I just replaced a standard circuit breaker with an new GFI Circuit Breaker (Eaton Type CH). If there is nothing plugged into any of the outlets in the circuit (other than the circuit tester)the breaker stays on and the circuit is live. If I hit the test button on the circuit tester the GFI pops as normal. If I plug an appliance into any of the outlets, the breaker pops. It does not seem to matter which outlet I plug the appliance into or whether it is a two prong appliance (a CO Detector) or a three prong appliance. I cannot seem to see any place where any of the white wires in the 6 outlets on the circuit are shorting to ground or any problem with the bare ground wires. I had no problems when the circuit was protected by a conventional circuit breaker.
Double check you have the line and loads connected to the right sides.
There marked on the back of the GFI.
When you first opened the box there was a piece of yellow tape over one side of the outlet that was the load side.
Line is incoming power, load is anything protected down line from the outlet.
If any of your outlets are back stabed, change it to under the screws.
All it takes is one bad connection to trip a GFI.
My question would be "Why did you install the GFCI breaker in the first place"? As Joe pointed out, all it takes is one flaw to constantly trip the sensitive GFCI. Also, many motors for fans will cause the GFCI to trip. Unless you are installing outlets in a damp area, the GFCI is not required.
If you just need one or two outlets in the circuit to be GFCI protected, you may be able to install an individual GFCI outlet instead of the GFCI breaker.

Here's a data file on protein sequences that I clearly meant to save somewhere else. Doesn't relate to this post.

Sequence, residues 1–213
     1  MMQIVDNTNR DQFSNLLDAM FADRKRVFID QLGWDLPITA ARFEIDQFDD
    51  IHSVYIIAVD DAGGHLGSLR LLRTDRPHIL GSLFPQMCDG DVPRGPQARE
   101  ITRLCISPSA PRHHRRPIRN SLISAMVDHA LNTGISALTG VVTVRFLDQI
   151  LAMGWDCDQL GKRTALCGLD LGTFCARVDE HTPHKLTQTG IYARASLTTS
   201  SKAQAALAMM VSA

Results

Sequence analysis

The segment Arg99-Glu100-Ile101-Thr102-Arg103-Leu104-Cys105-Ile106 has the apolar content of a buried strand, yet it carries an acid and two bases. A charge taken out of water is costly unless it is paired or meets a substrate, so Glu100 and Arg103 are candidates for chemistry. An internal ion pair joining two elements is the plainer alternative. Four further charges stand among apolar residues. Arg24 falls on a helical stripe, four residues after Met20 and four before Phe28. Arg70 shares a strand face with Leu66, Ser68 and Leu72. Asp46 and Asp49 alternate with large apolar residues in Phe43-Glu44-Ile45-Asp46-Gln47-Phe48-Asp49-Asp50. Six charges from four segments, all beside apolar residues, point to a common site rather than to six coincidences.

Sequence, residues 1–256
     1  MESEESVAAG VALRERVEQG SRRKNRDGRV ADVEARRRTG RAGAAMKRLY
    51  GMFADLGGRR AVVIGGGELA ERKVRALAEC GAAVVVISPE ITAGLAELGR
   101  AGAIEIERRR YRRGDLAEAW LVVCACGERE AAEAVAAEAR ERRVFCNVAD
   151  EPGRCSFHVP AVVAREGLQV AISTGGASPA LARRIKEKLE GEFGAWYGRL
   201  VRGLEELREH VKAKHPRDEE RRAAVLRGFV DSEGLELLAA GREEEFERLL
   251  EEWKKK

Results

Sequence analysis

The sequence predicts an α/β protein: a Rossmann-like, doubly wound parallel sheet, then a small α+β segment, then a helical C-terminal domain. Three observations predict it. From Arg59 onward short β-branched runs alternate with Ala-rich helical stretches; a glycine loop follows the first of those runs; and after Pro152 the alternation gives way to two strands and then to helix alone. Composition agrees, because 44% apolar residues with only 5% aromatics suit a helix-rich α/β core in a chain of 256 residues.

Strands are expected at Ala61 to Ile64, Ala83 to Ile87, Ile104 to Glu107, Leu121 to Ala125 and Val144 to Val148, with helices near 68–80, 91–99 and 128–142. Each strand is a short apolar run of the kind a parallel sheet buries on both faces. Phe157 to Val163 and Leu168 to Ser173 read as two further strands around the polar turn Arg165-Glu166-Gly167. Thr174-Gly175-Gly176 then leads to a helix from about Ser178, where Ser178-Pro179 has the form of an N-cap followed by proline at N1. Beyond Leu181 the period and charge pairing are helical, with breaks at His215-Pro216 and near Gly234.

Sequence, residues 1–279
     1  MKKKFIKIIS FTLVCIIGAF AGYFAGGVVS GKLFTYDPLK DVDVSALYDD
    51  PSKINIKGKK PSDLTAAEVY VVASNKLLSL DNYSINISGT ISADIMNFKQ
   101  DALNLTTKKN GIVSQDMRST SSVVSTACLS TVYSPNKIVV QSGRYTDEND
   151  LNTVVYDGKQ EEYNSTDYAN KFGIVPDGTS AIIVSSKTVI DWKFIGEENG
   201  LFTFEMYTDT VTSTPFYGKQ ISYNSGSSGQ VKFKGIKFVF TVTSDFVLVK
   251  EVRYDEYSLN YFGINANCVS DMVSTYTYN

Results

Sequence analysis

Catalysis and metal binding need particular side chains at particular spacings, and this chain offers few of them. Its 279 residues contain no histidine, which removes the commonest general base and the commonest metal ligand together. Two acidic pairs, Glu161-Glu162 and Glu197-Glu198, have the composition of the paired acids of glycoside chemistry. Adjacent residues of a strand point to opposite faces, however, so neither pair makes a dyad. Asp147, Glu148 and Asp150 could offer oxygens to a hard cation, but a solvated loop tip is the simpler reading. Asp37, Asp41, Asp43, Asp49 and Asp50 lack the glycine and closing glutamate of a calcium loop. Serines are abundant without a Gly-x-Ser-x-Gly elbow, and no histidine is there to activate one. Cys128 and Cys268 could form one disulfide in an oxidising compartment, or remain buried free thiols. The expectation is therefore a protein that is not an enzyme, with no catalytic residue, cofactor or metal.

And, of course, there is the possibility that your brand-new GFCI breaker if faulty and is too sensitive.This message has been edited. Last edited by: Jaybee,
The preceding posts should cover your problems. Good advice as usual. I too wonder why you replaced a regular breaker with a GFCI type. Heck the price of that critter alone is staggering.
"Why isn't everyday Earth Day ?"
I detest GFI breakers. put the GFI where the load is, or a "switch front" GFI round the corner from a jet tub. if there is a failure, no looking, it's right where you stand. too many ways to get shootin' mad if you sling a couple of rolls of Romex away from the control element and start getting trips.
wore out its welcome for me in the 70s. done with it. GFIs are 7 bucks and up.This message has been edited. Last edited by: swschrad,
sig: if this is a new economy, how come they still want my old-fashioned money?
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